We walked into McDonald's a few minutes ago when my 5 year old son asks for a happy meal with a My Little Pony toy. I had a slight twinge of "why don't you want the boy toys?" but instead shrugged and said "sure" deciding to let my son make his own choices and not be embarrassed when I told the clerk "no, he wants the pony". First of all it's ignorant to think that this choice is symptomatic of a sexual orientation or a future as a Brony but I realized that it doesn't matter - if it means something or not, whatever my son turns out to be, I will love him and support him.
I didn't have kids because I wanted to live vicariously through them, they for the most part just happened (along with being a good distraction to my marriage and perennial lack of direction). After being raised as someone's attempted perfect little human grown in an incubator, I know the effect it can have on your psyche. As my kids are getting older I'm seeing that by being a good parent, I'm inadvertently creating an opportunity for personal redemption. Yesterday my 9 year old was sobbing and after patiently coaxing her to talk to me about it she blurted out "I just wish I knew what the purpose of my life is". That may sound insignificant to many people but it felt like someone punched me right in the face.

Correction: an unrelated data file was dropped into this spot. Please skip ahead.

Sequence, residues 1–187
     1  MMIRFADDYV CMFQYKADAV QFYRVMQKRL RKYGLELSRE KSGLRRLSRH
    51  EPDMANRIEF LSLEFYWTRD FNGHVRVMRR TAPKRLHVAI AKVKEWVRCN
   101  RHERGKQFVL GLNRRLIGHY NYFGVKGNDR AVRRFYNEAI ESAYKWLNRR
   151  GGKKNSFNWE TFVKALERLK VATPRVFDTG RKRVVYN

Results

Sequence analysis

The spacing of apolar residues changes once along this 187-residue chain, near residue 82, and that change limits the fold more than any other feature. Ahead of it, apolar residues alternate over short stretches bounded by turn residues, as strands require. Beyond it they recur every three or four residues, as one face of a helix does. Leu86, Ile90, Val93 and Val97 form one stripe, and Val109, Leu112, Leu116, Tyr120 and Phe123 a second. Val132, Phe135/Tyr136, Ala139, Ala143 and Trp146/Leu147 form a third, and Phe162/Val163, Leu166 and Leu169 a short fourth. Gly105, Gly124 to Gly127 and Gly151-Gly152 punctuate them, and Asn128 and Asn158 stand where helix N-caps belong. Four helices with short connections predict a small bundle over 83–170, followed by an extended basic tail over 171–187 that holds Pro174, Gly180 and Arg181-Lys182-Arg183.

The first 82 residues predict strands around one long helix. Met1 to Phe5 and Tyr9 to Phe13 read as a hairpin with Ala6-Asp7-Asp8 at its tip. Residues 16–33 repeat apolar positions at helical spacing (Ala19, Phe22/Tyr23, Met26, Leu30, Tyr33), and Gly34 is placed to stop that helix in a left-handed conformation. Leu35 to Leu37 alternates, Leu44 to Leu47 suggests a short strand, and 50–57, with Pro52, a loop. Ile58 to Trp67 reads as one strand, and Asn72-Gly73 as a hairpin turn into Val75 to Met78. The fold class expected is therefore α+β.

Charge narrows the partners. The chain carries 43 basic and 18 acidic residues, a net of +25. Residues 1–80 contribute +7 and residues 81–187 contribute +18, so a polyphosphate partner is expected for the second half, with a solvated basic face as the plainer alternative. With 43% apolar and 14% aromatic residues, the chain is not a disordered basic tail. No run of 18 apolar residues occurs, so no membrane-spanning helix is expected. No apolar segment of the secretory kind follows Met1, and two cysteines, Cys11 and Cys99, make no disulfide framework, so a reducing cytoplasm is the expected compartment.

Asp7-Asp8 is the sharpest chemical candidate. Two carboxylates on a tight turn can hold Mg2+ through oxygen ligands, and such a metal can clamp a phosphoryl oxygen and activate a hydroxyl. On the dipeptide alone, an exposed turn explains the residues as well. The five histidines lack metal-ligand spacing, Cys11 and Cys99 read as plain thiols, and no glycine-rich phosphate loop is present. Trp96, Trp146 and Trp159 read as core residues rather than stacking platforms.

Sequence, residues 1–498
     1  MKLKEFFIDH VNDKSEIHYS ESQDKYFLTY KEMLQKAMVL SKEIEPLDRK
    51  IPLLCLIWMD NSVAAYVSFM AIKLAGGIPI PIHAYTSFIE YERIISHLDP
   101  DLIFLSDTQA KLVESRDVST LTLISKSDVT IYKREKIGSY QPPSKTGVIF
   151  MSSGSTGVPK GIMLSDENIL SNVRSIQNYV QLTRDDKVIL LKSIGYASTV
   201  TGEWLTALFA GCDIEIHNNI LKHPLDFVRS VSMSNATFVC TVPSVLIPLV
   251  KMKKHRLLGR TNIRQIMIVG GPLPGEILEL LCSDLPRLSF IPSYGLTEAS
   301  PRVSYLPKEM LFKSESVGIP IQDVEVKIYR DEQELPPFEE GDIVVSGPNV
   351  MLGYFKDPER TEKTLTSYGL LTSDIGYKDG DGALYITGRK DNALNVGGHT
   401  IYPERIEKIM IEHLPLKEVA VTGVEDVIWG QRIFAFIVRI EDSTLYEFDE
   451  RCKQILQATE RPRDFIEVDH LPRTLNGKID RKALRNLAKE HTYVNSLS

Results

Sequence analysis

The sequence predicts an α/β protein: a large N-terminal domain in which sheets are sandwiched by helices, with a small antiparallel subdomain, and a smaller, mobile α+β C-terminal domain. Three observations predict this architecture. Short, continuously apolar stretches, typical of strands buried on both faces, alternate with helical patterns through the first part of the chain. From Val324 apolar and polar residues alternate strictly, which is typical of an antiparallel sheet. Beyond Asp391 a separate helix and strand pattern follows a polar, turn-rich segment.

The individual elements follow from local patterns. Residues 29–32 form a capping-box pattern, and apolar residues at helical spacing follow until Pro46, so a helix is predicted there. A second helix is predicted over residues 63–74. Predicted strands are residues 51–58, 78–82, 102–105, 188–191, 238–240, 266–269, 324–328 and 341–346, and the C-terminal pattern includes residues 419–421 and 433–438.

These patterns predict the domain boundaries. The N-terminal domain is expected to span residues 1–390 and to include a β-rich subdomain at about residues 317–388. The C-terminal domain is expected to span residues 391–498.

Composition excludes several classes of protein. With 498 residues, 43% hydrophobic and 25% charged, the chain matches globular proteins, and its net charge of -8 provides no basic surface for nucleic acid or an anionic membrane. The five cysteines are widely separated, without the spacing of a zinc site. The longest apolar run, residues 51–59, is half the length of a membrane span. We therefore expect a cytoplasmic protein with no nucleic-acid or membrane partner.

In the religious circles I came out of, you were raised to believe you had a divine purpose and that if you missed it, god would be disappointed or angry with you not to mention that fact that it would negatively impact the unknown number of people who's lives you were supposed to change. Most of my life I was afraid to make a decision because I thought it might be the wrong one. I was constantly tormented with feeling like a failure and the phrase "only one life will soon be passed. Only what's done for Christ will last". Now that I've seen a different side of things, it's given me wisdom that I can share with my children. In a sense all the shit I have gone through will be of some profit. I'm not going to live my life through my kids, hoping and expecting them to be something specific but my life is finally of some use as I share a different point of view with my children. They may not choose to accept an open mind but even if they don't, they'll have a daddy that loves them just the same.